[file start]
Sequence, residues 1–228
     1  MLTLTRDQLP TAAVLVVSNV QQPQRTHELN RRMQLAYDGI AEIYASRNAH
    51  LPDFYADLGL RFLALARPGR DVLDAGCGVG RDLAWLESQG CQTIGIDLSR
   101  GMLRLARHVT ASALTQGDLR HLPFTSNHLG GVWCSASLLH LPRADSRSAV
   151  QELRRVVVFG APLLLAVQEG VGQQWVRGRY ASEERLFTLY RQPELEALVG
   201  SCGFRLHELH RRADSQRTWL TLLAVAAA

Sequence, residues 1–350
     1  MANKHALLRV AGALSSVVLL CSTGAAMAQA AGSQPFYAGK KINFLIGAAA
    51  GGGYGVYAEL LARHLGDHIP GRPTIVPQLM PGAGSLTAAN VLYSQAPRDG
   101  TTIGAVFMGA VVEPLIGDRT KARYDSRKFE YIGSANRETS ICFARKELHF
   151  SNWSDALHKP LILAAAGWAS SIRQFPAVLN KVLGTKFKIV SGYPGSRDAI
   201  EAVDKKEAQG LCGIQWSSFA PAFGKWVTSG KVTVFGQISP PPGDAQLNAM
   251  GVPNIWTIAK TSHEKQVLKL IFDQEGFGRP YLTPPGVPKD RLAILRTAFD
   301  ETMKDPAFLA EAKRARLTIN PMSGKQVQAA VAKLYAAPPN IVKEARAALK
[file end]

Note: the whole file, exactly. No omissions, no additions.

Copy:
Sequence, residues 1–228
     1  MLTLTRDQLP TAAVLVVSNV QQPQRTHELN RRMQLAYDGI AEIYASRNAH
    51  LPDFYADLGL RFLALARPGR DVLDAGCGVG RDLAWLESQG CQTIGIDLSR
   101  GMLRLARHVT ASALTQGDLR HLPFTSNHLG GVWCSASLLH LPRADSRSAV
   151  QELRRVVVFG APLLLAVQEG VGQQWVRGRY ASEERLFTLY RQPELEALVG
   201  SCGFRLHELH RRADSQRTWL TLLAVAAA

Sequence, residues 1–350
     1  MANKHALLRV AGALSSVVLL CSTGAAMAQA AGSQPFYAGK KINFLIGAAA
    51  GGGYGVYAEL LARHLGDHIP GRPTIVPQLM PGAGSLTAAN VLYSQAPRDG
   101  TTIGAVFMGA VVEPLIGDRT KARYDSRKFE YIGSANRETS ICFARKELHF
   151  SNWSDALHKP LILAAAGWAS SIRQFPAVLN KVLGTKFKIV SGYPGSRDAI
   201  EAVDKKEAQG LCGIQWSSFA PAFGKWVTSG KVTVFGQISP PPGDAQLNAM
   251  GVPNIWTIAK TSHEKQVLKL IFDQEGFGRP YLTPPGVPKD RLAILRTAFD
   301  ETMKDPAFLA EAKRARLTIN PMSGKQVQAA VAKLYAAPPN IVKEARAALK